• Nighttime driving: In 2019, two-fifths of fatal crashes with teen drivers happened between 9:00 p.m. and 6:00 a.m.
  • Weekend driving: Over half of fatal motor vehicle crashes with teen drivers in 2019 happened on Friday, Saturday, or Sunday.
  • Speeding: Teens are more likely than adults to speed and to drive closer to the car in front of them. A higher percentage of fatal crashes involved speeding for drivers between 15 and 20 years old than those in any other age group.
  • Not wearing a seatbelt: Statistics from 2019 show that nearly half of teen drivers and passengers who died in car accidents were not wearing a seatbelt.
  • Alcohol: Teen drivers have a much higher chance of getting in a crash after drinking than adults who drink and drive. The most recent CDC data available (from 2011) shows that up to 14.5 percent of Wisconsin teens reported drinking and driving. Alcohol impairment significantly increases the risk of a motor vehicle accident for drivers of all ages.

Prevention Tips For Teen Drivers

Parents can play a significant role in reducing the risk of their teens being involved in teen driver training. The first step is making sure that teens understand the biggest risk factors and causes of car crashes. Adults should remind teens to follow these basic safe driving tips:

  • Always wear a seatbelt
  • Don’t text, eat, drink, or do anything else distracting while behind the wheel
  • Don’t drink (or use drugs) and drive
  • Avoid driving when tired
  • Follow speed limit signs

Statistics show that graduated driver licensing (GDL) programs that require teens to gain more driving experience (especially at night) before earning an unrestricted license are very successful at reducing crashes. In fact, GDL systems are linked with a 19 percent reduction in injury crashes and a 21 percent reduction in fatal crashes for 16-year-olds. In Wisconsin, the GDL program limits 16-year-old drivers to no more than one passenger and prohibits them from driving between midnight and 5:00 a.m. for several months after getting their licenses.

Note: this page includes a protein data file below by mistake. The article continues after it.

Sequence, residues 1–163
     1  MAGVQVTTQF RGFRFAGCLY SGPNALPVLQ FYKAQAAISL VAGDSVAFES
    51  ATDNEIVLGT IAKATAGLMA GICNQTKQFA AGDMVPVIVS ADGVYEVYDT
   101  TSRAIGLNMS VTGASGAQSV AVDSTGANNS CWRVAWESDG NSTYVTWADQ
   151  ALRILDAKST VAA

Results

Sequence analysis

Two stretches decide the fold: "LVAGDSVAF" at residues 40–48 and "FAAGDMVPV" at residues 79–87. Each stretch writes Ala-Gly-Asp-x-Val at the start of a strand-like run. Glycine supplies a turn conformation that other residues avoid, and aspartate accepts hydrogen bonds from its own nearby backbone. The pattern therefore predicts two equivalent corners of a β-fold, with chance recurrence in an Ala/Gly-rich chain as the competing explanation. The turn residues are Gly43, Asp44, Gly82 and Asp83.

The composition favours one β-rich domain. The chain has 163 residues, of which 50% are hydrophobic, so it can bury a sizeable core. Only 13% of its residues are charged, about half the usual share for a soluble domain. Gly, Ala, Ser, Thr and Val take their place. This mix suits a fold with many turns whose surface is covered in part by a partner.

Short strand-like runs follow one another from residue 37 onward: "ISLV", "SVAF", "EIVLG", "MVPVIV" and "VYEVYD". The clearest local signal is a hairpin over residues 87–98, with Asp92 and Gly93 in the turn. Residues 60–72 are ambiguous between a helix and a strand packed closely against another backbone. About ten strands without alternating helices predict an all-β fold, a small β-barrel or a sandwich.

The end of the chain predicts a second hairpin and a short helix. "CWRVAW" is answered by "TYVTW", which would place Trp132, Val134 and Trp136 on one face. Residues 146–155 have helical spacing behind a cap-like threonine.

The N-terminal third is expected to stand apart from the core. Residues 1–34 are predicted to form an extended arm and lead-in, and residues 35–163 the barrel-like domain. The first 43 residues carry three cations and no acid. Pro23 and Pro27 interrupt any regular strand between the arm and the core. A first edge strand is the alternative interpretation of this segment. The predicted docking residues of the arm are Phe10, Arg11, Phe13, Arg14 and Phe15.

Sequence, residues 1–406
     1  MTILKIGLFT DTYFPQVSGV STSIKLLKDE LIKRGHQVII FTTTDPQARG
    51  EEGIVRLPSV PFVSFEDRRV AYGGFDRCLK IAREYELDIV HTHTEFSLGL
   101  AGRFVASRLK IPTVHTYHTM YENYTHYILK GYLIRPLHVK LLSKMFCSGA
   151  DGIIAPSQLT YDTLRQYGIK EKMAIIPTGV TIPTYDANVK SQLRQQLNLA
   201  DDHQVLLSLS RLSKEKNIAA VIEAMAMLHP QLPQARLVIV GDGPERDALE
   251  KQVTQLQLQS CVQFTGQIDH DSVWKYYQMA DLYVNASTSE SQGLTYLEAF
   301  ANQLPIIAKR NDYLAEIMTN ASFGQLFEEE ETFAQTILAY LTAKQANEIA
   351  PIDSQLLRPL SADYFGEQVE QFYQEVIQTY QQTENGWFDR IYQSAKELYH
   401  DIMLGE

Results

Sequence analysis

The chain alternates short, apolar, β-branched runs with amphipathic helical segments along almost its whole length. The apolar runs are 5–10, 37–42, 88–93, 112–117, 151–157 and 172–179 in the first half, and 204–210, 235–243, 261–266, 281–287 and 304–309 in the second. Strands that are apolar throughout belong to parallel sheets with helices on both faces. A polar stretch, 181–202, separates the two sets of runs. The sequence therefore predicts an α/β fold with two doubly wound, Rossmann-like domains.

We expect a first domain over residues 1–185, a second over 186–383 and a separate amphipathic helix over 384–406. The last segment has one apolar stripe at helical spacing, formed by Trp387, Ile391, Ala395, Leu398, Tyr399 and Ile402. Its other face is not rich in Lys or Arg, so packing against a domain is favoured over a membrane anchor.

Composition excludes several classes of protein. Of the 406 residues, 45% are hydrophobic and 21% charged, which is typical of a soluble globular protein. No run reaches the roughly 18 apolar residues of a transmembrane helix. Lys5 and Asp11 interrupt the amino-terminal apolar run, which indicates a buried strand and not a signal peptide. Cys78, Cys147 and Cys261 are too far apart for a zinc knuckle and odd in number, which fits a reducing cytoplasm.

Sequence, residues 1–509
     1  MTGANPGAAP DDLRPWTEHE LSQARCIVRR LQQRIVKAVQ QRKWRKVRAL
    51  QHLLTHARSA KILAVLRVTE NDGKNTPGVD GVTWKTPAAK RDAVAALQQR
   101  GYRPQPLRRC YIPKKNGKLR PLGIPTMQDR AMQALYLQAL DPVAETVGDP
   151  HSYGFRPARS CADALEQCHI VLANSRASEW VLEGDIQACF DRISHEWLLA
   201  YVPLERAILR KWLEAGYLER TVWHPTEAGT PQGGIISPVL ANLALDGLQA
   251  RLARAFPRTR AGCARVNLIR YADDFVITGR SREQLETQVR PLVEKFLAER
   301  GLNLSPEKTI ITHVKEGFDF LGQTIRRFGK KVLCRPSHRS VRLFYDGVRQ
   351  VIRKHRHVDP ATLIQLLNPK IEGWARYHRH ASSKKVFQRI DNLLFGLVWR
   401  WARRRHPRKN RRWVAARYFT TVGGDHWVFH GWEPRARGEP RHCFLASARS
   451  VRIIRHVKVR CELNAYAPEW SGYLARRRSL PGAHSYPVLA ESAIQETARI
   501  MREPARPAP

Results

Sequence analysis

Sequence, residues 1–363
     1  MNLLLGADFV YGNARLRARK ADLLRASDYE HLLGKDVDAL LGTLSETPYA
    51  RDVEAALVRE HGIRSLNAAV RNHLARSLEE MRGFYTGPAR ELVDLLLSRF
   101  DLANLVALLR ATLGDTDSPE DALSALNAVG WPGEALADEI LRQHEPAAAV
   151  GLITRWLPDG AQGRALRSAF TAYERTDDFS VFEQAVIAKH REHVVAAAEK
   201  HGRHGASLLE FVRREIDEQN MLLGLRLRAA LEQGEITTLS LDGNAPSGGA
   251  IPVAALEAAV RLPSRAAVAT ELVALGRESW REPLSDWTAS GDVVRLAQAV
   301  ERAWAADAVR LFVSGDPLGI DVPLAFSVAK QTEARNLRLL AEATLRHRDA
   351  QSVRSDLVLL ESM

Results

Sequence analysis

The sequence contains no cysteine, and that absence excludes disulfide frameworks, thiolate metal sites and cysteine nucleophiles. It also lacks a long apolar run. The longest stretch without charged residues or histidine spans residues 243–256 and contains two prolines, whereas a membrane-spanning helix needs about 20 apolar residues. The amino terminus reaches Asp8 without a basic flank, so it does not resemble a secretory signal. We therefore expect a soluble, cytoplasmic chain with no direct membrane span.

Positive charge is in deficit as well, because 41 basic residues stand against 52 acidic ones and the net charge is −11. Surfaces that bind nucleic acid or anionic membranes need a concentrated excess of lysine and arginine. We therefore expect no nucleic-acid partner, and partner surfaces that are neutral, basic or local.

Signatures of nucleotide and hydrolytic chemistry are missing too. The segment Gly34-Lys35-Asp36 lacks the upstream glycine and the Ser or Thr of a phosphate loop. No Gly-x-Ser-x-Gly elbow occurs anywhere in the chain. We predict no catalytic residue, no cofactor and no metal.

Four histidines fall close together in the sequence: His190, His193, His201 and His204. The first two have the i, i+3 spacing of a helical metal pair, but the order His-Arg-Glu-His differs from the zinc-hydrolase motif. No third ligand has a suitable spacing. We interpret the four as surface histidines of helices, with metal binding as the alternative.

Get Expert Legal Help After A Car Accident

Teenage drivers have a higher risk of being involved in a motor vehicle accident that causes injuries or death than adults do. In many cases, crashes involving teen drivers are completely preventable because they’re caused by avoidable factors like alcohol, speeding, negligence, or distracted driving.

Unfortunately, many accidents involving teen drivers cause injuries or deaths of pedestrians or occupants of other vehicles. If you or a loved one has been injured in a car accident due to another driver’s negligence or DUI, you may be able to pursue compensation with a personal injury claim.

At Boller & Vaughan, we help victims and their families seek fair compensation after motor vehicle accidents. You can schedule a free consultation to discuss your case and learn what your legal options are.

To contact our office in Madison, Wisconsin, call (608) 268-0268, or use the online form. For more information on teen drivers and personal injury cases, follow Boller & Vaughan on Facebook.